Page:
The prime of his INDYCAR career is being wasted and he’s not anywhere near to where he expected to be in his career path in terms of success yet.

The Andretti Autosport driver seemed to be on a quick path to a championship once he won his second career NTT IndyCar Series race in Watkins Glen during that 2017 season. From the Toronto race that season through the one at Road America in 2019, Rossi had six wins, 16 podiums and 22 top five finishes in a span of 33 races. But, over the last 39 races, he’s yet to win, has just 8 podiums and only 11 top fives.

He was second in the championship in 2018 and third in 2019. But, this dip started during the middle of that ’19 season which is why he didn’t hoist the Astor Cup championship trophy that season and why he’s hasn’t yet overall. He was 10th in the final standings last year.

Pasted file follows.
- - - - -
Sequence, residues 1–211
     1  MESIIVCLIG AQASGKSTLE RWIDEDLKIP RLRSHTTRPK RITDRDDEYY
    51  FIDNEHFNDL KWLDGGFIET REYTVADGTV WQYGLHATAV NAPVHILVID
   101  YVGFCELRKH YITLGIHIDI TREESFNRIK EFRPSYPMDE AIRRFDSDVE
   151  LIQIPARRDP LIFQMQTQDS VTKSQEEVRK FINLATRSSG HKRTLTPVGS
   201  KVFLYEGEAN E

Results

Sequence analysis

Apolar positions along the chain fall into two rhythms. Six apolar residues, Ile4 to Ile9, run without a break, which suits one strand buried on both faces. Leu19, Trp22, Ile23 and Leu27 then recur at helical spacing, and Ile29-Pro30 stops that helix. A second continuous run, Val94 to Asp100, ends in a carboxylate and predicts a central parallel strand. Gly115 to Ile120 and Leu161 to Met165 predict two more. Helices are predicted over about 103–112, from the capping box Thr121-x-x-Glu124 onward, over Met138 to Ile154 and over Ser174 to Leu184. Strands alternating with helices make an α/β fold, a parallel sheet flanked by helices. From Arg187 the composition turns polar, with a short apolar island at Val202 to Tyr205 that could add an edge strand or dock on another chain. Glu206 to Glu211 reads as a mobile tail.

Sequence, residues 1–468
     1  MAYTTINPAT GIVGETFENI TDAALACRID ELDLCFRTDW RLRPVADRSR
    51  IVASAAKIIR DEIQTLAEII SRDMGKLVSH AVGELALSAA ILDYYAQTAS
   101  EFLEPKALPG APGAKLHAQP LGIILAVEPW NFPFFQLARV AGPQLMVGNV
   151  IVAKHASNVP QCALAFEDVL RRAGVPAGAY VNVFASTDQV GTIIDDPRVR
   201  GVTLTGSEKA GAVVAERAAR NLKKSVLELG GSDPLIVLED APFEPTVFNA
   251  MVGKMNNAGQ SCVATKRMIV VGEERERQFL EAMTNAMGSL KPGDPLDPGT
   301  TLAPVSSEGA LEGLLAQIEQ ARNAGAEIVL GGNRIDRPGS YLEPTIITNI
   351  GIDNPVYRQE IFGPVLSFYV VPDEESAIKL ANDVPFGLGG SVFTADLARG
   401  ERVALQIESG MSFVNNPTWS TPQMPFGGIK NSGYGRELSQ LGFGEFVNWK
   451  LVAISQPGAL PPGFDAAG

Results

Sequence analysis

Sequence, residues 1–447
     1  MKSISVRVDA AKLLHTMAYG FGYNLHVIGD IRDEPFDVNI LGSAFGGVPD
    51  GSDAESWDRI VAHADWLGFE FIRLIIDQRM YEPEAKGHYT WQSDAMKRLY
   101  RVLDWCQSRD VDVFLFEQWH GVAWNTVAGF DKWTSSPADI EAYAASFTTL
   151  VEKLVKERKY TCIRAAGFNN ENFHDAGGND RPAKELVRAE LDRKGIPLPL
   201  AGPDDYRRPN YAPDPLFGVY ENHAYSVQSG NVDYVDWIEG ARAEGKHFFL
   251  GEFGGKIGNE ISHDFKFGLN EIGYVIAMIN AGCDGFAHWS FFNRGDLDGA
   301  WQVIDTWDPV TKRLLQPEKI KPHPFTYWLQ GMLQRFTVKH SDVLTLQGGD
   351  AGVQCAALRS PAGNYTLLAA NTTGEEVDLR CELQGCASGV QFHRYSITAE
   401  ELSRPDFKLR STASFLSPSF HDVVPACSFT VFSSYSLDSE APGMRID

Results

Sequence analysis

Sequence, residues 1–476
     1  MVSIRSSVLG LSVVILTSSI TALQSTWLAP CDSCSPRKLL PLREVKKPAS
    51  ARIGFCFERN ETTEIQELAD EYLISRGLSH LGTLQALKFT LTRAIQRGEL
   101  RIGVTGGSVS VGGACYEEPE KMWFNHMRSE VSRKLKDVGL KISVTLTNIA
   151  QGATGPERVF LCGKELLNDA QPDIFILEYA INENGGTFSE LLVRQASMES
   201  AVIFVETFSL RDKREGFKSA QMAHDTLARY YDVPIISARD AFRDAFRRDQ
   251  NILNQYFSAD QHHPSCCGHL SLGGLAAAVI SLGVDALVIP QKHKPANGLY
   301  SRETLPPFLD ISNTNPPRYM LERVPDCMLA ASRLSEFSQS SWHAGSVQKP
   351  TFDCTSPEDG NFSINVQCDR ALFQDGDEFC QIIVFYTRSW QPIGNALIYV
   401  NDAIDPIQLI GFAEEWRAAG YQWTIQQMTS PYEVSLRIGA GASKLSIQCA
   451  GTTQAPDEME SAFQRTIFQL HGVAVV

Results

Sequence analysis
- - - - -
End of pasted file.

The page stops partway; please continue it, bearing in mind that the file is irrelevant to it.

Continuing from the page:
“We’ve moved on from Texas. It didn’t really matter,” Rossi said. “When it’s a mechanical issues for a driver, you don’t really care. It’s out of your control. There’s nothing you can do. Obviously if it’s a self inflicted mistake you kind of want to get back on the horse but it is what it is.

“Last thing you want to do is overcompensate and make up for lost ground.”

Rookie Devlin DeFrancesco got into two incidents in Texas and finished 24th. He sits 28th in points. Romain Grosjean, like Rossi, had a mechanical failure and was 26th. That’s 3 Andretti cars in the bottom four of the finishing order just one race ago.